Re: virus: Irony as public discourse (fwd)

Marek Jedlinski (
Fri, 12 Apr 1996 03:41:07 +0200 (MESZ)

I think I can smell a fascinating thread coming...

On Thu, 11 Apr 1996, Ken Pantheists wrote:

> Question. I am thinking of writing an article. My current area of
> inquest is irony as public discourse. This works into a number of
> issues- especially in terms of Gen-X culture. But I am interested in the
> "convulsions" pop culture is experiencing between two or more dominant
> discourses (memes) if you will. The current popularity of Angels,
> Gargoyles and Vampires speaks of a convulsive 'phasing' between
> Christian spirituality and new age humanism.

This is probably only a minor point (for now at least) -- but are
you saying that all currently made references to Vampires etc. are
ironic in essence? I certainly agree about the 'phasing' and the
'convulsive' part -- but, at least judging from what one can read
on USENET these days, a lot of people speak about such thinhs with
not so much as a trace of irony. Plus the apparent revival of many
fundamentalist movements? Then again, you may _only_ be interested
in the self-conscious, ironic use of these concepts.

> My take on this is that
> irony is a form of culturally practiced masochism

I have thought of it that way too -- but are you interested in the
distinction between irony (in general) and irony which is self-inflicted?
Also, irony (where it is akin to self-deprecation, sarcasm, cynicism)
is probably an important self-defense mechanism in that it allows a
distance between one's immediate (and painful) perception of things
(or, say, negative self-esteem) and what one would like to believe
one "really" is. Irony may also be a mighty shield against all kinds
of abuse. "You think I'm a lame loser? Yeah, sure! I know it too!"
(read: if I am saying this, I am able to 'transcend' my deficiencies,
they do not restrict me or define me)

> and spawns pop artists
> such as Quentin Terantino (Pulp Fiction was pure genius) and Madonna. I
> was wondering if you have any thoughts (or sources) on the evolutionary
> purpose of remorse and grief. (From a Darwinian or Darwin-like
> viewpoint.)

Not yet. That's a good question in itself. But I'm afraid I am
missing your link, passing from irony to 'remorse and grief.' I
would think irony *precludes* grief, but that's only my immediate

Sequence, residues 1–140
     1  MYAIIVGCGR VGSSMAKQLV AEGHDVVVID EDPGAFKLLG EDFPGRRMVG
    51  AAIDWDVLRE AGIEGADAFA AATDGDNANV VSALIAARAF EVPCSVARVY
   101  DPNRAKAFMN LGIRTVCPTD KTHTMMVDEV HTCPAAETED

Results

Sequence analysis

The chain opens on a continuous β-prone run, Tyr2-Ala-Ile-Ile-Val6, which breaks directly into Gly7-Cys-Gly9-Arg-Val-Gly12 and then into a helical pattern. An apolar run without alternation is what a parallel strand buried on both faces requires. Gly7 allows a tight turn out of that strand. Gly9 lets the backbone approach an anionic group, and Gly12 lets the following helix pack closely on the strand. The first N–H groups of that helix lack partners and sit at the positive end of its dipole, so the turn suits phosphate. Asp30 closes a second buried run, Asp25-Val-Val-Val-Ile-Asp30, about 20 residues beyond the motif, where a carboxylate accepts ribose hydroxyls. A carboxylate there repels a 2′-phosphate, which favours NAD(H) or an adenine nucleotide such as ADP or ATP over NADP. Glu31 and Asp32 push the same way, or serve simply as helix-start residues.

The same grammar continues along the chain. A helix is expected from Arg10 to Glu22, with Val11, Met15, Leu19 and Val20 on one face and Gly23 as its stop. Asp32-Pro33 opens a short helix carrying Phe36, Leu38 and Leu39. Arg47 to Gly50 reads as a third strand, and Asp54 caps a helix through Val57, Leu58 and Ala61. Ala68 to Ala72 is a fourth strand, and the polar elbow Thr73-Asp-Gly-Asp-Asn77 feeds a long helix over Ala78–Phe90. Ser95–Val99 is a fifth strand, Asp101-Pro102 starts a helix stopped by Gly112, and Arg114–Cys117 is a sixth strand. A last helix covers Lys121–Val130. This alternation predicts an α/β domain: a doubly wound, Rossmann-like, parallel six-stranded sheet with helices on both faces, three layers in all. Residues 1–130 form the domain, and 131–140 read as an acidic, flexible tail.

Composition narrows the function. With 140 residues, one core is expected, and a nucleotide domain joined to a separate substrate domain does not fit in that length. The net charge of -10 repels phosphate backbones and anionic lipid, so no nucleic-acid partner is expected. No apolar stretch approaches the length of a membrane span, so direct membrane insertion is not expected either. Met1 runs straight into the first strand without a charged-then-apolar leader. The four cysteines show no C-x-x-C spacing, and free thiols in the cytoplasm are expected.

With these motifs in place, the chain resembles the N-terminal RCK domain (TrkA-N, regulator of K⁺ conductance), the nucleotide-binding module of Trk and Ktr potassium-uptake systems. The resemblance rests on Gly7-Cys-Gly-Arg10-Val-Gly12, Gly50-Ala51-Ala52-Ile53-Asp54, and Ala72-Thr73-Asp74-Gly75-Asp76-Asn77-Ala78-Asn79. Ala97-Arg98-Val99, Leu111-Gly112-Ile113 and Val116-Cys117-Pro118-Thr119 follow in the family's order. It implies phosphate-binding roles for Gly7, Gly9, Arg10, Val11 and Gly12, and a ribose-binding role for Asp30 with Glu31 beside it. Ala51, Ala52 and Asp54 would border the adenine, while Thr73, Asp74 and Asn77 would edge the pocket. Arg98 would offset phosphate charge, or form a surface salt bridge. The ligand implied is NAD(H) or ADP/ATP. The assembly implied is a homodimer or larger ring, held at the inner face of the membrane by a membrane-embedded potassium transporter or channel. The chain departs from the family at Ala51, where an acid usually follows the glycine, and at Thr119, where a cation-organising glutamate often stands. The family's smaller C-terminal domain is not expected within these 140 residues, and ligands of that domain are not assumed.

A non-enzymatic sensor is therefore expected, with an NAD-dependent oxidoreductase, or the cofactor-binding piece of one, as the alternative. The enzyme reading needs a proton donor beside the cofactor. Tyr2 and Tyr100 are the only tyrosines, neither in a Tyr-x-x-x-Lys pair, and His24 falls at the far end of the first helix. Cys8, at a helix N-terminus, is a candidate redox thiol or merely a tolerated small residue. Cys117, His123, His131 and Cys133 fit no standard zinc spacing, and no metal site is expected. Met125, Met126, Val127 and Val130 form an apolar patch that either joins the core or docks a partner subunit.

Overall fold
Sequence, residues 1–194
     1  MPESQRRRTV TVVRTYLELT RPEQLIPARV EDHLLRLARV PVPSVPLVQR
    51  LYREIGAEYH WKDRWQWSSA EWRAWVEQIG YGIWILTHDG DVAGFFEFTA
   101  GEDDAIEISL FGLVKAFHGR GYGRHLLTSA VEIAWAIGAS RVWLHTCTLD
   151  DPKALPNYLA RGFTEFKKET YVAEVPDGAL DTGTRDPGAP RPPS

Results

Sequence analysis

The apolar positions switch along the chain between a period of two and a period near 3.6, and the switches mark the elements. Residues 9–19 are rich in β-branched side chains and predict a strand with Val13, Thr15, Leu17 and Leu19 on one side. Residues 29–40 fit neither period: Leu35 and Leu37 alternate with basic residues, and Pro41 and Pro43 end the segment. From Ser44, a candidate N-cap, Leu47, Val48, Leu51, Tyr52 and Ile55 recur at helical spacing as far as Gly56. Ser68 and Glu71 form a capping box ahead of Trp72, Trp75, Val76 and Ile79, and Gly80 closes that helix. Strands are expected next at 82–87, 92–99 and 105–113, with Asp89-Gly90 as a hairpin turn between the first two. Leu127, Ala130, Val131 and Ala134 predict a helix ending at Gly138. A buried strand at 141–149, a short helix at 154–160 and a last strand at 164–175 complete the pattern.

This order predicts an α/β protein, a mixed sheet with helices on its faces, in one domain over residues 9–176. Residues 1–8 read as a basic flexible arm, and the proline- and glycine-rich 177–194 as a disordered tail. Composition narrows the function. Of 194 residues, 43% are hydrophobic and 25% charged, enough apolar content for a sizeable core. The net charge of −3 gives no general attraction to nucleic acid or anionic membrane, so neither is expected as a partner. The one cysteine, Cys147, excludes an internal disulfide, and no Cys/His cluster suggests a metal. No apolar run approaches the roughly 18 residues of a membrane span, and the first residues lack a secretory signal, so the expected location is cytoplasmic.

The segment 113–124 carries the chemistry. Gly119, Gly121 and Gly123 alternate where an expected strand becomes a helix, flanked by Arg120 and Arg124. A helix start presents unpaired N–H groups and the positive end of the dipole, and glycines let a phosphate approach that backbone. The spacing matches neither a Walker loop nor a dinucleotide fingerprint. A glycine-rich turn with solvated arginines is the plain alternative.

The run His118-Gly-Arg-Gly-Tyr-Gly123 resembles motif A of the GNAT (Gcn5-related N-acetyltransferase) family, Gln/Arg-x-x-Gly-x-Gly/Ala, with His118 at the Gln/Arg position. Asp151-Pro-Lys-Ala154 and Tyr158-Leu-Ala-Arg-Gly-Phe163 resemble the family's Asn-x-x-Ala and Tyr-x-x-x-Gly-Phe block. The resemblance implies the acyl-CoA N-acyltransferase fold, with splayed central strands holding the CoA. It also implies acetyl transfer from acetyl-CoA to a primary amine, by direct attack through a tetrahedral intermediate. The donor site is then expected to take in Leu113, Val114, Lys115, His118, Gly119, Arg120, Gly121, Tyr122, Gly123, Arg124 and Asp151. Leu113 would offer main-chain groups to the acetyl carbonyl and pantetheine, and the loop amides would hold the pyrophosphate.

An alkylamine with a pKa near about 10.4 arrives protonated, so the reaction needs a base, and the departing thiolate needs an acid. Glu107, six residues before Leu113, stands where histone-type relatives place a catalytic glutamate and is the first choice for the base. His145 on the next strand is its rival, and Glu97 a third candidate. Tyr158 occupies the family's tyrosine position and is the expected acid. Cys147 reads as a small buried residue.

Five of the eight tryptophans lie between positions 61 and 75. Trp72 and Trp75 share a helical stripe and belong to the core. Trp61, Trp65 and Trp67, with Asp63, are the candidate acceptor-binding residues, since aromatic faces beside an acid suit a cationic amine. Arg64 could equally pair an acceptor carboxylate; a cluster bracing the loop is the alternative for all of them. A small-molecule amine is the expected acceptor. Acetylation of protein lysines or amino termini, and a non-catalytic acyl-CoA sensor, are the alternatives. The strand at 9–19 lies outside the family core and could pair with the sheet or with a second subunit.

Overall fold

gut-response. Similarly, do irony and spirituality tolerate each
other? Can one be ironic in/about one's religion? Think not...

I am not sure if you will be interested in this particular aspect, but
here is one angle on irony that *I* find pretty baffling. Irony seems
to me to have some "final" quality about it. What I mean is, you can
respond to a 'serious' (non-ironical) statement in an ironic way, thus
shifting the discourse one plane higher (greater distance, higher
level of abstraction) -- but this is where you have to stop. I cannot
think of any level *higher* than that. A related, parallel example is
that of parody: you can take any 'serious' piece of writing -- e.g.
_Paradise Lost_ or your national anthem -- and make it into a parody
of itself (I feel that irony and parody are close relatives, though
they need not go hand in hand); but you cannot *parody a parody*!
At least it seems so to me. Or -- you cannot poke fun at a *truly*
self-conscious, self-deprecating sort of person. Only if your target
is 'naive' will your attack suceed; but if one can laugh at oneself,
other people's laughter will not hurt him or her. This again seems
to point to the fact that while irony *may* be masochistic, its
other (major? minor?) function is also mental defense. (This is
how postmodern literature has adopted its ironical stance, in
order to survive when its basic principles/values were questioned,
and stripped one by one.)

BTW -- for your paper, have you adopted any particular, 'sharp'
definition of irony? That might help focus the debate. I'm asking
since I myself am using a rather fuzzy definition in the above musings.


If the Turing test were administered tonight, I'd fail it.